There’s all sorts of information that schools need to provide to parents, and traditionally this has resulted in copious amounts of paper being given to students to put in their bag, often never to be seen again! Increasingly schools have turned to their websites, or even social networking sites like Twitter, to distribute this information but sometimes there are things schools need to distribute, but don’t want to make fully public. Let’s take a look at how we can enable parent access to SharePoint Online using PALs.

Scenarios

What sort of information am I talking about? Here’s a few examples:

  • Internal school contact information – this could be information on how to contact a particular form tutor, or an up to date staff listing, etc.
  • Event dates – some events like an open evening you want to promote to the world, but other events such as sports day or parents evening you might want to make available to a more limited audience.
  • School trip information – creating a dedicated team site for a particular school trip that you can grant parents access to in order to share important information such as the trip itinerary, contact information, blogs, photos, etc. can be a great way to keep in touch with home, but not tell the whole world about it!

Terminology

There is a lot of jargon in the IT world, so to make it easy here’s a few definitions:

  • PAL – partner access licence. Each SharePoint Online tenant in Office 365 for education gets 10,000 of these included.
  • External User – another name for someone that doesn’t exist as a licenced user object in Office 365. Typically your staff and students will have SharePoint Online licences, but as parents can’t be given these licenses they are external users. External users are invited by email address. The email address can be from any domain, but must be associated with a Microsoft Account. Each External User consumes one PAL.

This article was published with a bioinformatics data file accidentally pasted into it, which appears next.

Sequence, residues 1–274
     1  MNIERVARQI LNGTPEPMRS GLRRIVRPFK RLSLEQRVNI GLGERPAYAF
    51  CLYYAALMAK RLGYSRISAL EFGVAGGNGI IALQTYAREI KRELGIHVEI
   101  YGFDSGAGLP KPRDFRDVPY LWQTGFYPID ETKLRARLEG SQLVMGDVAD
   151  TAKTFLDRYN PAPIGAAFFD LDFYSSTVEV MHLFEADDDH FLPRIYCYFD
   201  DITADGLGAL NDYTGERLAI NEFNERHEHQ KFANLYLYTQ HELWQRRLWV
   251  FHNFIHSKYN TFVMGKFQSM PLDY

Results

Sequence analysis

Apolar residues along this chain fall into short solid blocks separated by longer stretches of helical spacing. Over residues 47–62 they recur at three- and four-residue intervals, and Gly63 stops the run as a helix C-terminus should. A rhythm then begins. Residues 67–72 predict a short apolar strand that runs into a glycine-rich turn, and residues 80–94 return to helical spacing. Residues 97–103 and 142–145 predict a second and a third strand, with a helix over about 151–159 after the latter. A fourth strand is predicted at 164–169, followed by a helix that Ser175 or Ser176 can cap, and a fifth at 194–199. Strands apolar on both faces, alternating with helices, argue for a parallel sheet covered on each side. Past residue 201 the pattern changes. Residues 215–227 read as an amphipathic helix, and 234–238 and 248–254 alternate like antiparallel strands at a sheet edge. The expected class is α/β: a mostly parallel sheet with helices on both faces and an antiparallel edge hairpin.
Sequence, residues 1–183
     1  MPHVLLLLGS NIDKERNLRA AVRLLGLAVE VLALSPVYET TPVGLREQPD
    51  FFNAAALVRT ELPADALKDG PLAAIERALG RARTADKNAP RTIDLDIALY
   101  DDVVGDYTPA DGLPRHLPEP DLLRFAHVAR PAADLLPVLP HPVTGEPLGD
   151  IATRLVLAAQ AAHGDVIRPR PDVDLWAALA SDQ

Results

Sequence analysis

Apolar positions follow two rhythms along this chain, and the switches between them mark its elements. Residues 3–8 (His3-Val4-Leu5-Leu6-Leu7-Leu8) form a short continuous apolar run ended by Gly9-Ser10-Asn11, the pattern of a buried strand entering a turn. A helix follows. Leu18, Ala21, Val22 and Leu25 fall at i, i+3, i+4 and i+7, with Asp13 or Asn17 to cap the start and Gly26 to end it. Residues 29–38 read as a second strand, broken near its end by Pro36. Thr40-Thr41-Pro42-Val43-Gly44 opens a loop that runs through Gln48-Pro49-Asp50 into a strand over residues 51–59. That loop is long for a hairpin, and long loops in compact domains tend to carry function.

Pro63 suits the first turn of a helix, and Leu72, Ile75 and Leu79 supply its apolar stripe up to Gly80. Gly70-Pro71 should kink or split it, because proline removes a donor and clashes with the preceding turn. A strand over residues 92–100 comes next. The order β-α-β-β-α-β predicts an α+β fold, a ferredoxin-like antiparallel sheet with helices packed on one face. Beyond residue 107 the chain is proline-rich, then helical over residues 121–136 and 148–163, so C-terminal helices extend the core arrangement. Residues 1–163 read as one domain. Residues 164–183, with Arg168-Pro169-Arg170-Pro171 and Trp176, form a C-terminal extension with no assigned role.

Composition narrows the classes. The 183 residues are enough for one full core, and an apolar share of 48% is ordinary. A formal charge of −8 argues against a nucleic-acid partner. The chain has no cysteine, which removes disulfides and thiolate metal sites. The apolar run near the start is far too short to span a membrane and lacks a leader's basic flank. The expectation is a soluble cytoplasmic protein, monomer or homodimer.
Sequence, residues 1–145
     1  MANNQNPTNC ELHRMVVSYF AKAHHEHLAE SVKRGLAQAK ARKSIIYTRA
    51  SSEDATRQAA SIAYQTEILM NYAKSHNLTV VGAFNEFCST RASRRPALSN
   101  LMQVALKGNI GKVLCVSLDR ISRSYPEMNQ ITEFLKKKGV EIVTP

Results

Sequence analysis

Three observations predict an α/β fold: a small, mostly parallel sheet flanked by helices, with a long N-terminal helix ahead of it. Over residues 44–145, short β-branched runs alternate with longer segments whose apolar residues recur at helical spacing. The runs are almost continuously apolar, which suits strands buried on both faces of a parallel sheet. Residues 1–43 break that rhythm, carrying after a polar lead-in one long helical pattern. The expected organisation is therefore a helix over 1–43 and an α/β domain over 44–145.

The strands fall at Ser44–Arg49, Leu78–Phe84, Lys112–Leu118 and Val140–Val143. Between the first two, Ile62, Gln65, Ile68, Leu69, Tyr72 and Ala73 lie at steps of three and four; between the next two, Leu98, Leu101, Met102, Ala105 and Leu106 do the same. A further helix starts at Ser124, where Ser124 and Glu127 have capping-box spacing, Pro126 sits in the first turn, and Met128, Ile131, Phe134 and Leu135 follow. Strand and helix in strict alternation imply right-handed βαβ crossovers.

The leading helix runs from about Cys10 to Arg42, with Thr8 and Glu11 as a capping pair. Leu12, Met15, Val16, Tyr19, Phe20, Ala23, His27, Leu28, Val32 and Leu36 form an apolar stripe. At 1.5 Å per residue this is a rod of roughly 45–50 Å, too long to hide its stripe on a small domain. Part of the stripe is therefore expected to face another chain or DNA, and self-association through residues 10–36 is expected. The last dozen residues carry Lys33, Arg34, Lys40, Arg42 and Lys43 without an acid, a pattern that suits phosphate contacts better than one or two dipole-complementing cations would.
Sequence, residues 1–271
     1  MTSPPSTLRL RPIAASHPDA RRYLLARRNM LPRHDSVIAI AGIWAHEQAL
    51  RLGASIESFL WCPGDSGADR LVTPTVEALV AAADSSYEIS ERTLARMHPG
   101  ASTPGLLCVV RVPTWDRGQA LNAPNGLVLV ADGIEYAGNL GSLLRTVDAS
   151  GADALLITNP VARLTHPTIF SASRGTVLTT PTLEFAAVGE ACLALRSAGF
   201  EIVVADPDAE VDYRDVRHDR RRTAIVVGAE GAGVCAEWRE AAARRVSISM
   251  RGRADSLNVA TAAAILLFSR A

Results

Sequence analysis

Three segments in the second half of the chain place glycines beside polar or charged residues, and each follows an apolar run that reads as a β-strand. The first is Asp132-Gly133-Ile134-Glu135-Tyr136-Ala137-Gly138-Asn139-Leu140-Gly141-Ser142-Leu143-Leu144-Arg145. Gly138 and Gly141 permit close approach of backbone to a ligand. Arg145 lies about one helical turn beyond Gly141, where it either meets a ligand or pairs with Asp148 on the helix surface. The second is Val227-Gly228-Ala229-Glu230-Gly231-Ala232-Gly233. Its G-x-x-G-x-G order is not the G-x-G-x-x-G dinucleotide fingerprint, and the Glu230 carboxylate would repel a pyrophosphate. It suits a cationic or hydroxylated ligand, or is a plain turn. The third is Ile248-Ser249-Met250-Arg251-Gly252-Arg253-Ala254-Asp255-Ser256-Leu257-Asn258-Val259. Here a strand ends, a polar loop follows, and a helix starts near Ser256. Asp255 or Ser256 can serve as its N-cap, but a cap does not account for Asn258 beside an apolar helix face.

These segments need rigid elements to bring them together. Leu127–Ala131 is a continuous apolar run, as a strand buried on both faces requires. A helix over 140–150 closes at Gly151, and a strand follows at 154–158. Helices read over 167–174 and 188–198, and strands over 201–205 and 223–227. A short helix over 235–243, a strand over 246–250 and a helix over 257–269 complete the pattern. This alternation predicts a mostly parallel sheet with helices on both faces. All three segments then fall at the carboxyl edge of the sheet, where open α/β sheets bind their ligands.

• External Contact – these represent people outside of your institution who can be displayed in the shared address book (GAL). They don’t have a mailbox in Exchange Online, and can’t sign in to your domain. They are also totally separate from External Users.

3 Simple Steps

Enabling this functionality can be done in three simple steps:

  1. Enable external sharing for SharePoint Onlineby default SharePoint Online does not allow external users. To enable the potential for external users to be invited to any of the sit collections in your environment you need to enable the feature.
  2. Activate external sharing for a site collection – after the SharePoint Online environment has been set to allow external sharing, site collection administrators can choose whether or not to allow external users to be invited to sites in their site collections.
  3. Share your site with external users – now that you’ve activated external sharing, and allowed it on your chosen site collection(s), you can start sharing it with people.

Considerations

Keep in mind that once you invite external users to your site, it is easy to grant them permission to other sites. Ensure that you know the identity of users who are invited through e-mail and consider confirming their identity before granting an external user access to content.

An external user invitation can be accepted only one time. The invitation email can be forwarded to another recipient who can use the invitation to access the SharePoint site. However, after the e-mail invitation has been accepted, it expires.

If you attempt to invite an external user to use your site when your company has set SharePoint Online to deny external users, you will see a note in the Share Site box that that says, “Invitations to users outside your organization are currently disabled.”

To use an email address, such as *.contoso.com, to log on to a SharePoint Online site, the email address must first be associated with Microsoft account. You can register an email address with your Microsoft account by following the steps at this website.

More Info

You can read up on this topic in a few different places: